Just six months ago there were plenty of inexpensive solar panels to be had, but solar developers now report a dwindling supply and higher prices as the market reacts to the possibility of new U.S. tariffs on imported photovoltaic (PV) modules.
A petition filed earlier this year by bankrupt Suniva asked the International Trade Commission to impose a new tariff on solar cells and to set a minimum price on PV modules. That set off a run on solar panels that has driven up costs by about 40% in the last four months and made some projects uneconomical, Bloomberg reported.
“We’ve had roughly $500 million worth of work that we’ve had to put on hold,” Scott Canada, who oversees renewable energy projects for McCarthy Building Cos. of St. Louis, told Bloomberg. “The supply of panels has just evaporated as everybody is grabbing what they can.”
The ITC conducted hearings on the petition last month. The Solar Energy Industries Association, a trade group, and a number of others oppose higher tariffs and warn they would mean the loss of tens of thousands of jobs in the U.S. and make solar panels much more expensive.
Asian countries, including China, dominate a solar market that has seen a decline in global prices of more than 50% over five years. Suniva and co-petitioner SolarWorld Americas argued that the trend is devastating U.S. based manufacturers, which now account for only about 11% of the market.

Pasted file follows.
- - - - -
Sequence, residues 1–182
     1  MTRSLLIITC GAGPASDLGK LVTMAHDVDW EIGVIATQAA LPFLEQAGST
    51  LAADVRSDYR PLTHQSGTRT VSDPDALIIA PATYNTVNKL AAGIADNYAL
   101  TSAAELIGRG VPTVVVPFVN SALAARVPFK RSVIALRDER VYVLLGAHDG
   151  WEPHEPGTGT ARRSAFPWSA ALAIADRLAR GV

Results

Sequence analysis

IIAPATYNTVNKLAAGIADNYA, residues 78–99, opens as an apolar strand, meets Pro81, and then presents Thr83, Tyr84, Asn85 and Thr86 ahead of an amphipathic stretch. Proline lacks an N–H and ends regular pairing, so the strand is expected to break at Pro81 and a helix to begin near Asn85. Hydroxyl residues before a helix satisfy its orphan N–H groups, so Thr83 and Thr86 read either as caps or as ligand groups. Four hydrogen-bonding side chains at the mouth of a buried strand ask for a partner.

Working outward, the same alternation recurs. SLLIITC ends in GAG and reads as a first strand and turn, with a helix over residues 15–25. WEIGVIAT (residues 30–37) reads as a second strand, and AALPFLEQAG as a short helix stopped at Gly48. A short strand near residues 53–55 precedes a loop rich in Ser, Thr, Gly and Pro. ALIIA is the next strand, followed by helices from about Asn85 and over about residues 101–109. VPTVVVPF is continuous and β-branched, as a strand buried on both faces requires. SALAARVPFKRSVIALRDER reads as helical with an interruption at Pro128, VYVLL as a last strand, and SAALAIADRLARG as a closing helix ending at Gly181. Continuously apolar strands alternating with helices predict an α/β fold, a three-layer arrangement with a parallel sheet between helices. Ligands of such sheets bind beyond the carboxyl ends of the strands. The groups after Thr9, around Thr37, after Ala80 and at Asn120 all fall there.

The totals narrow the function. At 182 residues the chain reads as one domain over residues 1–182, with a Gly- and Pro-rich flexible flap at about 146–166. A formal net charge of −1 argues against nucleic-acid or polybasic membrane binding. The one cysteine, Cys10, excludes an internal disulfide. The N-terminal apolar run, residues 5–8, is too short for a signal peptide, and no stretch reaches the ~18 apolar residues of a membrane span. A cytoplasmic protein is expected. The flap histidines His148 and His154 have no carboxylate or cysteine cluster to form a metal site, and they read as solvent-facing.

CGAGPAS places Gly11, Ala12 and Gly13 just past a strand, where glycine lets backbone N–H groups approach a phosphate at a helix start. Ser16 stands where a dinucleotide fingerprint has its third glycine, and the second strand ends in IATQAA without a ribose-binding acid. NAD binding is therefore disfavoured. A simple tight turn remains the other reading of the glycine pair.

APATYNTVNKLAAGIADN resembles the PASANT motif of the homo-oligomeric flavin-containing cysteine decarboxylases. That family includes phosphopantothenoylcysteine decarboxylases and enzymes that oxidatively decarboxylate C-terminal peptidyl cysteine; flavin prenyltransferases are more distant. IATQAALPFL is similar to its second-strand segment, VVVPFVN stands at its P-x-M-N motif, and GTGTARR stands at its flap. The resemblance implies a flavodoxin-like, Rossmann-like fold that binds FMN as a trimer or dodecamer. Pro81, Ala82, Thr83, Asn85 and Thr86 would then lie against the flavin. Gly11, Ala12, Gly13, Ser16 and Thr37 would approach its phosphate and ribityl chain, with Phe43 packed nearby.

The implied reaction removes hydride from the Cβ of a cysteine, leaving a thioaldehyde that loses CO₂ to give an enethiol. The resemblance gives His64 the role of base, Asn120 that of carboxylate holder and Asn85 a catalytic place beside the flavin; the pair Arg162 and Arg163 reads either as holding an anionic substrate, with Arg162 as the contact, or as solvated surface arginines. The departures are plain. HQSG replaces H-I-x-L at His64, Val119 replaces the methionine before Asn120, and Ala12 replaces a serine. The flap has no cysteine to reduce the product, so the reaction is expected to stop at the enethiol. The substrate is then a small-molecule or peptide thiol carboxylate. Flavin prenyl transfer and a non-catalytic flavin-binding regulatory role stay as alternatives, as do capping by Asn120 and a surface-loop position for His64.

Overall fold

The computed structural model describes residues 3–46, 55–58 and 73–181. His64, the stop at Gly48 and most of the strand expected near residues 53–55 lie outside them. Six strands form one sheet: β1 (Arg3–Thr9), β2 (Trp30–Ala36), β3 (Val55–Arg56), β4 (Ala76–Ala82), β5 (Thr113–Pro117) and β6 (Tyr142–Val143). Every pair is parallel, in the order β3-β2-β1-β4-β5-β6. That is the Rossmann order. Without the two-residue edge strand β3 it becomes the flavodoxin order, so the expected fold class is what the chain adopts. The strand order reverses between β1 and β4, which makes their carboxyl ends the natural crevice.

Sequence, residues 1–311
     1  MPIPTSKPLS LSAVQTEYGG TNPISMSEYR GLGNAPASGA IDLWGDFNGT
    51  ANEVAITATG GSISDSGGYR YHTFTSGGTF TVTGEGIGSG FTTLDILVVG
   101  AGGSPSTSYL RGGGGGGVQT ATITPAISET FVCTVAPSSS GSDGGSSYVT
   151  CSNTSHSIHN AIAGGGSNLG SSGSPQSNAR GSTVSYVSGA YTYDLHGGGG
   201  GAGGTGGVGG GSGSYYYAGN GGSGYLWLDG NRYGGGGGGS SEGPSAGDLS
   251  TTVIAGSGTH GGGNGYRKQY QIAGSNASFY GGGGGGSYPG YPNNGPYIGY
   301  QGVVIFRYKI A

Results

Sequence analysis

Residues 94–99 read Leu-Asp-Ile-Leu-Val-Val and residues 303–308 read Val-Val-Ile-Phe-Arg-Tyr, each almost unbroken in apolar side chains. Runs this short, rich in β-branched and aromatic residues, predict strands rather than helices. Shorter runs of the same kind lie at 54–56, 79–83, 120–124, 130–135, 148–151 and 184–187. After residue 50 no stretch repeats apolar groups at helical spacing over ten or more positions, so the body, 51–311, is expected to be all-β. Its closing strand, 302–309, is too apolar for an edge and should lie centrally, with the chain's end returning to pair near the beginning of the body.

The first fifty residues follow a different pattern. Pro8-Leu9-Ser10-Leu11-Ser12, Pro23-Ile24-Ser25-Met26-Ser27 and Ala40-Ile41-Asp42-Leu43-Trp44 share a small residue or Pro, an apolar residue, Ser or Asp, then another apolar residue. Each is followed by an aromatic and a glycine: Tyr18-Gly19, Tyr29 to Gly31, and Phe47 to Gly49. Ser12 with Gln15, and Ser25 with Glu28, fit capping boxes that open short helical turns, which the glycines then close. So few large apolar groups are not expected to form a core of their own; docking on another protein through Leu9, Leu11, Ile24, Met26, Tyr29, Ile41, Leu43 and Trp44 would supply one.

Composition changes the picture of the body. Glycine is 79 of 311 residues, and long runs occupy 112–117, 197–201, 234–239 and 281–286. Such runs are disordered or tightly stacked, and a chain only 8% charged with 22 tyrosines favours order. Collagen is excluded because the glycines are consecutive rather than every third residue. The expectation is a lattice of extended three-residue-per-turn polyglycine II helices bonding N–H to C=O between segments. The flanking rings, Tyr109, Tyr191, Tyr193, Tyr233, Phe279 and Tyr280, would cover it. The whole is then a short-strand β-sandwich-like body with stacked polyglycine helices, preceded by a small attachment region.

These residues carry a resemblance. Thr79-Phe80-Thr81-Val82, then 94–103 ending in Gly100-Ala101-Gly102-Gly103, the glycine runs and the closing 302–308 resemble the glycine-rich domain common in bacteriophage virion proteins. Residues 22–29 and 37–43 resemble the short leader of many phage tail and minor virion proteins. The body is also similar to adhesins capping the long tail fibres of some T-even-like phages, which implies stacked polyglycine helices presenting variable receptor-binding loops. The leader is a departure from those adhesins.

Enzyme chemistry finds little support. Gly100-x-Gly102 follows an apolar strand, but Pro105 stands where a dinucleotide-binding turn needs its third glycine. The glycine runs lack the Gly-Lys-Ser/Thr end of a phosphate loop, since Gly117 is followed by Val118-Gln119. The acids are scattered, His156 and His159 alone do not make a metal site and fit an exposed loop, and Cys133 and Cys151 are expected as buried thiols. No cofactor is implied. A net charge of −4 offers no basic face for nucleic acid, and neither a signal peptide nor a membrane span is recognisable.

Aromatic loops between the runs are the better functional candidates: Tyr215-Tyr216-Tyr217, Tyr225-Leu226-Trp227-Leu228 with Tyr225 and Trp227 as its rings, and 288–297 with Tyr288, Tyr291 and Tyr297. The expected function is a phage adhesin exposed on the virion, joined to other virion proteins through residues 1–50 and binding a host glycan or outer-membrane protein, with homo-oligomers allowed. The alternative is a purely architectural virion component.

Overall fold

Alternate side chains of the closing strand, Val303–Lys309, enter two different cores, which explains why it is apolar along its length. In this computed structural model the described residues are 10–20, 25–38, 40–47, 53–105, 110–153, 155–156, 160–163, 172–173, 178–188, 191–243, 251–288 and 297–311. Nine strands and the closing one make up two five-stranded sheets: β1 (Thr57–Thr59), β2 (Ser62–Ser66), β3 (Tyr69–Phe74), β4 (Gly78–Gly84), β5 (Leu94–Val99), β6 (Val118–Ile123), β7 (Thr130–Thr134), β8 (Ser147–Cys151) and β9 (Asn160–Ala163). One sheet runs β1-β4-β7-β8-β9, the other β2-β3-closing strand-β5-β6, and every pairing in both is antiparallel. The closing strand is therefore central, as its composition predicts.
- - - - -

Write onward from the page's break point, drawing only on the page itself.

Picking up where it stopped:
Soft costs — such as marketing and permitting — account for most of the cost of new residential solar installations, but even small increases in the price of panels can make some projects untenable. Panels were selling for about 32 cents per watt in the U.S. before Suniva filed its complaint, but prices have since risen to as much as 45 cents per watt, Bloomberg said.
Plans to double China’s solar capacity over the next three years also have contributed to the shortage, but analysts expect the scarcity to ease and for prices to stabilize once the Suniva case is settled. The ITC is expected to send its recommendation for tariffs to the White House later this month.
Separately, Reuters reports that the cost of utility-scale solar energy in the U.S. has fallen to 6 cents per kilowatt hour, reaching a government target three years ahead of schedule.
The Department of Energy’s SunShot Initiative was established in 2011 and hoped to push prices down to that level by 2020. At the time, solar energy cost about 28 cents per kWh. Ironically, a drop in the cost of solar panels was cited as the main reason for the price decline.